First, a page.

With five grandsons, I feel it’s my responsibility to provide advice in the area of early romance. I know all five kids will be huddled around their laptops, eager to read what their grandfather has to offer, particularly the oldest, Jack, who is about to enter high school.
My key message is this: Focus on the art of holding hands. Do not give in to the pressures of kissing until much later.
Advanced handholding requires algebraic precision. And from my years of study, I’ve determined it involves two distinct techniques. The first is the Interlocking Finger Grip, which shows confidence and temerity from the get-go. Interlacing each finger with someone else’s can be challenging, particularly if it’s after dark. Personally, I prefer the second technique: the reliable Palm Clutch, in which your fingers stay together to create a more uniform contact surface. This method also allows your thumb to roam unencumbered, which provides numerous benefits, based on your dexterity and the size of the targeted hand.
My first close encounter of the romantic kind was with Mary Watson. She was the daughter of Dr. Harold Watson, an upstanding physician in Ames, Iowa. The year is not important, suffice to say I was inexperienced and attending a Catholic grade school. Meanwhile, Mary was at a junior high school, where children magically matured earlier and knew stuff like how to dance to rock music. But I felt Mary and I had built a romantic relationship, albeit from a safe distance.
One evening, I caught up with Mary on her way home from baton-twirling class. I’d been planning this “spontaneous encounter” for weeks. “Ca-ca-can I walk with you?” I asked. Mary glanced over at me, still moving. “I guess,” she said. No more words came to my mind. Mary began to walk faster. I kept up.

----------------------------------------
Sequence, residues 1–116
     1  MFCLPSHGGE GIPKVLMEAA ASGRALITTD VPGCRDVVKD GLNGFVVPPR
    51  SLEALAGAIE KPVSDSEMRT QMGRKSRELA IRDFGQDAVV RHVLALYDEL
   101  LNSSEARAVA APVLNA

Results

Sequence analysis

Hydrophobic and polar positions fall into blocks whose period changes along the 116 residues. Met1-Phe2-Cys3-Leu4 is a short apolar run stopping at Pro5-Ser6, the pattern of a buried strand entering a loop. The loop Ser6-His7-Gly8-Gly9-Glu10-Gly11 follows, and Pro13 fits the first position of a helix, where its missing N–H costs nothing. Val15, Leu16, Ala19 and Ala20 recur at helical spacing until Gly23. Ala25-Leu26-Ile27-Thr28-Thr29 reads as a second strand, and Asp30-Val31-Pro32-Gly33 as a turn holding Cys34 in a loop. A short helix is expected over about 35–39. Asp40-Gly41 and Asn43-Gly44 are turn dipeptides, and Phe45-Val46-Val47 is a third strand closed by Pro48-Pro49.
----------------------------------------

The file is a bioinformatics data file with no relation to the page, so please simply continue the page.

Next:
I considered holding her hand, the one without the baton, but my own hands felt all sweaty, and puffier than normal. We got to her big white house on the corner with the white picket fence. It was almost dark. I wanted to tell her how I watched her practice twirling her baton in the Dairy Queen parking lot and how she never once dropped it. Nothing came out.
Then suddenly, at the front gate, I had this crazy notion Mary was waiting for me to kiss her. She looked ready. (She wasn’t.) I bent toward her, eyes closed, lips in a position they’d never been before. Not really a pucker…but almost.
Mary turned her head at exactly the wrong moment. I hit the corner of her glasses with my nose. Hard. I felt a drop of blood fall from my left nostril. For the first time in a long time, Mary Watson dropped her baton. Then the porch light was coming on and Dr. Watson was opening the front door. I slunk away before any medical attention could be offered.
I did not attempt to kiss another girl for a long, long time. Instead, I focused on becoming an expert at holding hands. It’s what I still know best. And I’m passing it on to Jack and the others.